How To Talk To A Bereaved Parent In her book, Parental Loss of a Child, author Theresa Rando discusses that we are living in a death-denying society.
Author Tom Crider Discusses The Loss Of His Daughter The writer’s only child, Gretchen, died in an apartment fire at age twenty-one. From Give Sorrow Words: A Father’s Passage Through Grief -by Tom Crider
The Test. Can We Pass It? J.R. Macduff  goes right to the center of suffering in this short piece about ‘the test’.
I Dream Of Jeannie’s Nightmare : Barbara Eden, star of the sit-com rerun favorite I Dream Of Jeannie is interviewed about her son’s death. Also included is an interview with Donny Osmond talking about is sister Marie in the aftermath of her son’s suicide.
He Ain’t Heavy, He’s My Brother The story of a manwho saw a ‘need’ and did something to help. As bereaved parents the love we have for our child never dies. Within it lies the power of positve energy. That energy can be used in so many ways to help others. This energy/love has often been called a ‘giving’ memorial

The New Testament teaches about man’s endless conscious existence…..by Lehman Strauss
 The Original Vessel The Original Vessel is described in  honor of a single father named Howard, whose only daughter, Lori, had been murdered. For years after it happened, Howard lost interest in everything he once valued. He felt ‘completely gutted’ inside and could not………….(discussion of how to get through it)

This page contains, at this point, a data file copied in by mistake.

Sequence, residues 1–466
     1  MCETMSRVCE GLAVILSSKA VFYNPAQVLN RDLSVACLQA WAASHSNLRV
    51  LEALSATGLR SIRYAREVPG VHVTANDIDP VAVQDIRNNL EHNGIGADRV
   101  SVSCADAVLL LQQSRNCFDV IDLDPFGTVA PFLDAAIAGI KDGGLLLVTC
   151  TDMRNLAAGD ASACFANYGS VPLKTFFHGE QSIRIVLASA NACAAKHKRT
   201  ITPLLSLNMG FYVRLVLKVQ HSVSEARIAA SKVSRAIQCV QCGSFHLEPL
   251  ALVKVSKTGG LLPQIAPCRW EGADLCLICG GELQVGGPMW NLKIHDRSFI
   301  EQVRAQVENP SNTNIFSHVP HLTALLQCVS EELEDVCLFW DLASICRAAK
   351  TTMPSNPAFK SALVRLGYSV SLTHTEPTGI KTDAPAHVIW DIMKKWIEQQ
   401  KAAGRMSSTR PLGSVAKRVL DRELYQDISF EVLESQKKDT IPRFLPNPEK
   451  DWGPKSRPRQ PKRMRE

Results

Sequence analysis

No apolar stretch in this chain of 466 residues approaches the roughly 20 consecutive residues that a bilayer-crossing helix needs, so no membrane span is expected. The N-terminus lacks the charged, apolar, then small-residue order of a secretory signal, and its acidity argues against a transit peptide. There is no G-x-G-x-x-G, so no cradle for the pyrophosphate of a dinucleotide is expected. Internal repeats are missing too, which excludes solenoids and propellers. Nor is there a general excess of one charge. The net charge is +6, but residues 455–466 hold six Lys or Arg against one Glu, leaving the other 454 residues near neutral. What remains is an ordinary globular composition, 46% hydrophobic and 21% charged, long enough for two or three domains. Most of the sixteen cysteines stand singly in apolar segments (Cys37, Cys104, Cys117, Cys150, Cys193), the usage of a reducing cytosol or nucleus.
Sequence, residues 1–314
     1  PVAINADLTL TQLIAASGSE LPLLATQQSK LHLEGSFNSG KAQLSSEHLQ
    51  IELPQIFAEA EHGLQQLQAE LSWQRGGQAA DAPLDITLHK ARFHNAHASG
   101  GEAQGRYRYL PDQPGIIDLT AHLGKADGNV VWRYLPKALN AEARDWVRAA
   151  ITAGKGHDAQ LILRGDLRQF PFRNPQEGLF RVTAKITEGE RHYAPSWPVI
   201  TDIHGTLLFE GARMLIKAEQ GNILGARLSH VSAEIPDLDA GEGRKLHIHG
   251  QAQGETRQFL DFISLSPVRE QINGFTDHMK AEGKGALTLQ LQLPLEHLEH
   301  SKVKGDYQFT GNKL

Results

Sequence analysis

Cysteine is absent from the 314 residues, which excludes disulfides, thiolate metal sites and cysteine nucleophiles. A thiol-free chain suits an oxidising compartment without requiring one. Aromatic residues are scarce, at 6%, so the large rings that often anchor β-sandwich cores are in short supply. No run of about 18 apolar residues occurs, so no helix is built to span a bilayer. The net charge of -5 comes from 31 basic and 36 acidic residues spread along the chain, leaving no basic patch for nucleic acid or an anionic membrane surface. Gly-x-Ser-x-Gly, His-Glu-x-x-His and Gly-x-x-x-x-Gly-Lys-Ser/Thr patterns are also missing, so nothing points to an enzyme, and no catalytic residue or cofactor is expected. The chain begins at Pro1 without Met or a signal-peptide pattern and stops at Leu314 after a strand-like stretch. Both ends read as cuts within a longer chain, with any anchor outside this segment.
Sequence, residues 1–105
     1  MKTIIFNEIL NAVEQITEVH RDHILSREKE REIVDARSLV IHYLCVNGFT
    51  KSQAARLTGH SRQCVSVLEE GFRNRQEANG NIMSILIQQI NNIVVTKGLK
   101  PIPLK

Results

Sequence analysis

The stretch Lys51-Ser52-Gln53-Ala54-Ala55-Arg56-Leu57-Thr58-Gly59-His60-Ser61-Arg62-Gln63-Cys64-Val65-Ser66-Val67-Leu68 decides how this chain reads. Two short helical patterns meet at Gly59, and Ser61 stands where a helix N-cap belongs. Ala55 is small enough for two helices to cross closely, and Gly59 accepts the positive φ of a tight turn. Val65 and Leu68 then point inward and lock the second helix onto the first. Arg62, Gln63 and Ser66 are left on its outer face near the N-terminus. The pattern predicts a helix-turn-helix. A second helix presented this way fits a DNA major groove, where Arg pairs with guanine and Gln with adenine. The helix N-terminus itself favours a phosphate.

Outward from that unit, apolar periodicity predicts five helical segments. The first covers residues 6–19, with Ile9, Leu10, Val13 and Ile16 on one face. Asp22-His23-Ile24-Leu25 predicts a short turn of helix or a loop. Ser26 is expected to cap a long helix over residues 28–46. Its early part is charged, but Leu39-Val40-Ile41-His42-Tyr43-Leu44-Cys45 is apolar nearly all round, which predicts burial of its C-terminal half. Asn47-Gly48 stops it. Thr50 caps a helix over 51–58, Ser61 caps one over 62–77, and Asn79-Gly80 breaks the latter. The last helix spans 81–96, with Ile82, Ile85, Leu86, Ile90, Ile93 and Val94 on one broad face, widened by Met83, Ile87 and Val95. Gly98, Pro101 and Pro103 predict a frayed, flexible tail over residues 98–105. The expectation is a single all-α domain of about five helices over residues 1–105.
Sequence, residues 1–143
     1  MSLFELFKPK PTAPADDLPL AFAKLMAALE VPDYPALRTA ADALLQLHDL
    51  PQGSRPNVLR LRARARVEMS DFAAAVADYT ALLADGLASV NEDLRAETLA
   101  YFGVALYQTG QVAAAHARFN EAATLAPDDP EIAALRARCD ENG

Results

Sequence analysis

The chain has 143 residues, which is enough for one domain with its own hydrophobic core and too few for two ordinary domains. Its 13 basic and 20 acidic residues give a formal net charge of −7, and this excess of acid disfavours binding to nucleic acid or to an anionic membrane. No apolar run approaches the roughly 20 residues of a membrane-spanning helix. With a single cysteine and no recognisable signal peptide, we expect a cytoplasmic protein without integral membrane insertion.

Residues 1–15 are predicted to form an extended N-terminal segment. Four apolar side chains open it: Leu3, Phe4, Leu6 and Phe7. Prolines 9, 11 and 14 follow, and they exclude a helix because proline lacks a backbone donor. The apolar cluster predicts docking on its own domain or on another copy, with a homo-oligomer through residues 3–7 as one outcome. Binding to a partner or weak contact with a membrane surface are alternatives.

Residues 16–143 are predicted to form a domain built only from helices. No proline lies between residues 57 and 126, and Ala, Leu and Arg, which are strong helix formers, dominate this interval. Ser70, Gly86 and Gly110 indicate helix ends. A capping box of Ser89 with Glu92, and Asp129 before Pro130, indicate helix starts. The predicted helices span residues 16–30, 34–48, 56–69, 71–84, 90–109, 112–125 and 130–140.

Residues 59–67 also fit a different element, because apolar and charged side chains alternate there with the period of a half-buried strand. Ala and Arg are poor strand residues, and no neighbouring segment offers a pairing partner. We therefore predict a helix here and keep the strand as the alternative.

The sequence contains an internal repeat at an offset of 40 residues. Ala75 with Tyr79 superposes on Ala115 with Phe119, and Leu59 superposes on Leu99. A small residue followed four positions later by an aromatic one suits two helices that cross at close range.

Discusses the choices that arise as we begin to face the future without our child.
Birthday Letter To Molly Oct 4, 2011. Today would have been Molly’s 22nd birthday
This is a list of BOOKS I would recommend to greving parents:
-Soul Shift – by Mark Ireland -The Shack – by William Paul Young -Lessons from the Light – George Anderson -Blessings From The Other Side – Sylvia Browne -Embraced By The Light – Betty Eadie -Start The Conversation – Ganga Stone -Tear Soup – Pat Schwiebert and Chuck Deklyen -A Grief Observed – C.S. Lewis -Where Wonders Prevail – Joan Wester Anderson -Seven Steps To Heaven – Miles Davis -The Space Between Breaths (DVR documentary about losing a child) -A Grace Disguised – Jerry Sittser -Your Eternal Self – Craig Hogan -Visitations From The Afterlife – Lee Lawson -Streams in the Desert – L.B. Cowman (great devotions) -No Time For Goodbyes 1 by Janice Harris LordThese titles represent both biblical perspectives as well as non-biblical.Your local library is a wonderful place to request titles……..at no cost. Amazon.com is an online bookseller and ‘used’ books can be purchased at a discount.  ♥*We share so many similarities but we also find comfort in unique ways. Some books will appeal to one person and not another. Seek.  Marsha